BETTY M PARK is a Korean American filmmaker based in Brooklyn, New York, and makes her debut as a feature film director with Mamachas del Ring. She works as a producer and editor in TV, and her work as an editor includes the documentary The Innocence Project, which screened at the 2003 Hamptons International Film Festival.
Betty was born and raised in New York, and graduated from the University of California, Berkeley, with a double major in English and Philosophy. In addition to making films and TV, she continues to encourage others to resist the urge to punctuate her name.
Her Film: You work as a television producer and editor, with Mamachas del Ring being your directorial debut. How did you draw from your producing and editing experience to inform this film?
Betty M Park: Being in the daily grind of telling stories for TV is definitely a kind of bootcamp for storytelling, and while I can’t point to specific links between that work and Mamachas del Ring, I’m sure it has helped develop my craft.
HF: Inevitably, filmmakers learn something about themselves in the process of making a film. What have you taken away from your experience making this film and what did you learn from the women whose lives you documented?
BMP: One of the things that struck me the most is how similar Carmen Rosa’s experience as a struggling wrestler is to that of an independent filmmaker, or anyone who has an all-consuming passion for that matter. There are distinct choices we make in terms of prioritizing our personal lives versus our work, and these are the choices that in part define us and make us who we are.
“The film landscape is constantly evolving, and there will always be an infinite number of ways to approach it.”
HF: There is a strong theme of self-empowerment in Mamachas del Ring while also showing the cholitas’ reality of “gendered responsibilities” as you say on your website. What do you think the legacy of the cholitas will be?
BMP: My hope is that the cholita wrestling revolution has forever challenged and changed the stereotype of Bolivian indigenous women for both Bolivians and those abroad. I also think that, due to media-interest even outside of this specific documentary, cholita wrestling has provided an entertaining and interesting entry-point into a country and culture relatively unknown to your average person.
HF: Mamachas has screened around the world in front of culturally diverse audiences from Buenos Aires to Montreal, Austria to Uruguay and many places in between. Do you notice differences in how audiences interpret the story or their attitudes toward the film’s themes?
BMP: While I think each audience comes with a different background of information, I’m not sure I could speak to region-specific reactions.
Generally speaking, I think what initially attracts people to Mamachas is the opportunity to peer into what appears to be a strange and exotic universe of women wrestling in indigenous clothing, but what they take away is a more personal connection with Carmen Rosa and her struggles.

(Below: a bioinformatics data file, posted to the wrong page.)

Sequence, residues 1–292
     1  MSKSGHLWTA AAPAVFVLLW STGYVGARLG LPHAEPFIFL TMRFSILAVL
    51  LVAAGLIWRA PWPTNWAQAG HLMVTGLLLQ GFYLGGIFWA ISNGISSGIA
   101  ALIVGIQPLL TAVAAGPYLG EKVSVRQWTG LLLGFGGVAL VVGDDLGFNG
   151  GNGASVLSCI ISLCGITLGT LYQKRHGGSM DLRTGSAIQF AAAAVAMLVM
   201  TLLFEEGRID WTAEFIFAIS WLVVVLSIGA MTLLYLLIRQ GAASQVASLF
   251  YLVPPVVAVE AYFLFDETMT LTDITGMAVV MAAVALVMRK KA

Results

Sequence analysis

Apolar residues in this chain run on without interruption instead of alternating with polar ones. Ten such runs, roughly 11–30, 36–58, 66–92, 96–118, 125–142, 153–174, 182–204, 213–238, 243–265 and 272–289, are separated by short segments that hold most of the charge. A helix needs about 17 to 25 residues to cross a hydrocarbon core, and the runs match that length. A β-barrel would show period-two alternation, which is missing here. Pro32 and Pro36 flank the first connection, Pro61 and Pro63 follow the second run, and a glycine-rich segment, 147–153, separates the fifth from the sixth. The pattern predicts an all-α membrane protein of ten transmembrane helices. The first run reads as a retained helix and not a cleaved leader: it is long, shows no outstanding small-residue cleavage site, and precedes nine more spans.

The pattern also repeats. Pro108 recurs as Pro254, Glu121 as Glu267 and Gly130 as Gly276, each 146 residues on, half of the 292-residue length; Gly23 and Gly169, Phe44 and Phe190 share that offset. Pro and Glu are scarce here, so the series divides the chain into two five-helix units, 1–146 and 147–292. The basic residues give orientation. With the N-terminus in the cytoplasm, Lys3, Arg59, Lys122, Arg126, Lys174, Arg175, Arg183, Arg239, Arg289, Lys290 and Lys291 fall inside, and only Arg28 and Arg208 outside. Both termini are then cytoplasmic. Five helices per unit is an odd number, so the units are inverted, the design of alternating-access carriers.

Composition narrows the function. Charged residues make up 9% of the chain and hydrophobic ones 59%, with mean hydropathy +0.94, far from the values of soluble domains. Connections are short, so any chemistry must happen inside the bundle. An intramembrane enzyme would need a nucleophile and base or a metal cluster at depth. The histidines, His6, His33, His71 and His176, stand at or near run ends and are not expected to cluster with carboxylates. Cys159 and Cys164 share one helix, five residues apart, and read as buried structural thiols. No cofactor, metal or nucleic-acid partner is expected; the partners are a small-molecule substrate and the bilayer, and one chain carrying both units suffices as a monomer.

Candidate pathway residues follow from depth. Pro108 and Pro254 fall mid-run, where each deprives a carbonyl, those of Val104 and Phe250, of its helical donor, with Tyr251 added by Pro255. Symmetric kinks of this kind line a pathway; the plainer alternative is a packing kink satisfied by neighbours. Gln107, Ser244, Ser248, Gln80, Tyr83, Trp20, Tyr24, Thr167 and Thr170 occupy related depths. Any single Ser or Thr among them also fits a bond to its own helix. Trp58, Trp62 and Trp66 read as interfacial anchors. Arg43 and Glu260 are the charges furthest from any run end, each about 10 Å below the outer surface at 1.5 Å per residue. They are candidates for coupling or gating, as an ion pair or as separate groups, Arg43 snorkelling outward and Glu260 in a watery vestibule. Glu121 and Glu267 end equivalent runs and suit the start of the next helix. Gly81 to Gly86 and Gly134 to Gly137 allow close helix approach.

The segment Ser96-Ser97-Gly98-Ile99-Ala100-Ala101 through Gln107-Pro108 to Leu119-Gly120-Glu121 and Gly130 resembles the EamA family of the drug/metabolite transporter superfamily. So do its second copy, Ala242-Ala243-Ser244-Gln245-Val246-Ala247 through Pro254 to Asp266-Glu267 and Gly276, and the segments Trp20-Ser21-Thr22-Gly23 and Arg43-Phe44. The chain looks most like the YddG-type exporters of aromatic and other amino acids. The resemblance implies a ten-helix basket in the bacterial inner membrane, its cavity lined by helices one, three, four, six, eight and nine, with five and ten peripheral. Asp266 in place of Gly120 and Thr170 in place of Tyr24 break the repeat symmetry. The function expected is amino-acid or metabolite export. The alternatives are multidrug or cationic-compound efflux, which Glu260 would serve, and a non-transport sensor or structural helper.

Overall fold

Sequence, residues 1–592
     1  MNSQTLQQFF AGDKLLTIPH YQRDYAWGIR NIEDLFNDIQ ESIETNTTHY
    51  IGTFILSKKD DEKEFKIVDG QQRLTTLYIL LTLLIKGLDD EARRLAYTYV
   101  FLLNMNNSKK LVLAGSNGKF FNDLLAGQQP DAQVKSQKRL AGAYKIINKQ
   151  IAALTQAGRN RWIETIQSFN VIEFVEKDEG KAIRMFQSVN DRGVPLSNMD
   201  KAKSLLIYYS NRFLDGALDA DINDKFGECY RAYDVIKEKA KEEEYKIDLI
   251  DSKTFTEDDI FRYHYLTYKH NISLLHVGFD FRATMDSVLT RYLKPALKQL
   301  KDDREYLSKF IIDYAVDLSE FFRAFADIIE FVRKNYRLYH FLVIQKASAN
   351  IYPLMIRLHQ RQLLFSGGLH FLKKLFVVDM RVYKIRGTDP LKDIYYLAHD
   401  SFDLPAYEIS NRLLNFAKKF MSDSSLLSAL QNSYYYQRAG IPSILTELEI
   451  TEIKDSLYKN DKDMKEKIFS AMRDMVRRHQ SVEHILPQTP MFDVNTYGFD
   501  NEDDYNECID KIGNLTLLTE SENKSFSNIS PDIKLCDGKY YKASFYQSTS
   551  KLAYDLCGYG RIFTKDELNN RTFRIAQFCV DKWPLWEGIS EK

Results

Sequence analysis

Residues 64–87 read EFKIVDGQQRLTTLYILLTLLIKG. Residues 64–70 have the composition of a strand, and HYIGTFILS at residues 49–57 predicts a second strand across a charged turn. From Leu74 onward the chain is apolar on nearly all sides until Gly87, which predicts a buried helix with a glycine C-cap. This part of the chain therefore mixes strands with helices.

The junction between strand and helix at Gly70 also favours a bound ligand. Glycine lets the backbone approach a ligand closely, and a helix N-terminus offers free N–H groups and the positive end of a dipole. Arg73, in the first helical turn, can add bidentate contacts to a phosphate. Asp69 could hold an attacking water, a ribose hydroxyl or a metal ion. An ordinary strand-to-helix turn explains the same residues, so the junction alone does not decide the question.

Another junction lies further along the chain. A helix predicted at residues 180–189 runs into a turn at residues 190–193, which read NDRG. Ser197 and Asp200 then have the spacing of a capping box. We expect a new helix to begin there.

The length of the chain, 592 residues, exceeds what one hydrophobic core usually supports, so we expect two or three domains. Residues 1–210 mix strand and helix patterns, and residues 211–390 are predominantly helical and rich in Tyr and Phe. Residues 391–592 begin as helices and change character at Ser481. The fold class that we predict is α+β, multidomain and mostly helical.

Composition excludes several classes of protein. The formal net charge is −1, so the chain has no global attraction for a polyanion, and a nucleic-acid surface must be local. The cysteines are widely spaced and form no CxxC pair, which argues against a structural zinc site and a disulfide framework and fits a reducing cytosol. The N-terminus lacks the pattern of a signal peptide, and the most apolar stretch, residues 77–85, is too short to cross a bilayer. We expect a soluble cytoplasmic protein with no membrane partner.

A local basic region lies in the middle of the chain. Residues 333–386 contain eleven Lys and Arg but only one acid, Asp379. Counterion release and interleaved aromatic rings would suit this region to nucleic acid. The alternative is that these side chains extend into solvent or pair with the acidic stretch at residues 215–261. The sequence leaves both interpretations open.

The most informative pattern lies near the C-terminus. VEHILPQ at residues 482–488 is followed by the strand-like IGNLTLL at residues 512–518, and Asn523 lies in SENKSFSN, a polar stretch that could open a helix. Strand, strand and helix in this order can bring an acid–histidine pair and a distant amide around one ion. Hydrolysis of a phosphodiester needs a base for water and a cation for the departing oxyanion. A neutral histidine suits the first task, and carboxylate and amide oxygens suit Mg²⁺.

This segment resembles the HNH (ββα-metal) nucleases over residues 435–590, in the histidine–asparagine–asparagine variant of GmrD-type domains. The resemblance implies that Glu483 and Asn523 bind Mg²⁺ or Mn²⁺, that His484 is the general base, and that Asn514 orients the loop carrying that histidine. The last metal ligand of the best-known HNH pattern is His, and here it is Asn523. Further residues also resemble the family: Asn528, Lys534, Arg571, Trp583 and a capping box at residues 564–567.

HF: Did you have a film festival strategy and if so, how did you decide on where you wanted it to premiere and screen?
BMP: The general rule of thumb for me (and for most people, I think) was to try to premiere at a festival that was well-known enough to provide the opportunity to generate some press and “buzz,” in addition to having a strong market where there would be buyers and industry folks in attendance. The regional premieres that followed were also guided by a similar principle.
I had always thought that Mamachas would have an audience outside of the US, and so for me international festivals were as important as the domestic ones. It was also extremely important to me to have a strong Latin American premiere, since this is a film about Latin America.
HF: How have you utilized social media and new/online media for Mamachas?
BMP: Facebook and twitter have been invaluable in connecting with both fans of Mamachas, potential fans of Mamachas, and the film community. I reached out to a lot of pro-wrestling fans online, and diva-dirt.com was especially supportive. The site focuses specifically on female wrestling fans, and they were extremely generous in helping to promote the Indiepix DVD and VOD release of Mamachas earlier this summer.
BMP: The marketing and distribution for this film relied heavily on connecting with folks in the film community through festivals and general word of mouth. There were a few identifiable audiences that I tried to reach out to, including fans of wrestling, fans of Latin American film/Latin American audiences, and the more general arthouse film crowd. Of course distribution comes down to having the right platform through which people can access the film, and right now it is available in its most democratic form–DVD and VOD.
“There are distinct choices we make …that in part define us and make us who we are.”
BMP: One of the most valuable experiences I’ve had in this process is connecting with other filmmakers, many of whom have grappled with similar hurdles in the ups and downs of indie filmmaking, some of whom who have become dear friends. The film landscape is constantly evolving, and there will always be an infinite number of ways to approach it. To have a few trustworthy sounding boards within the community is priceless to me, and will be especially helpful moving forward with future projects.
HF: What’s next on your slate of projects?
BMP: I’m currently working on an animation, and exploring a few documentary ideas.
To connect with Betty M Park and learn more about her work, check out the following: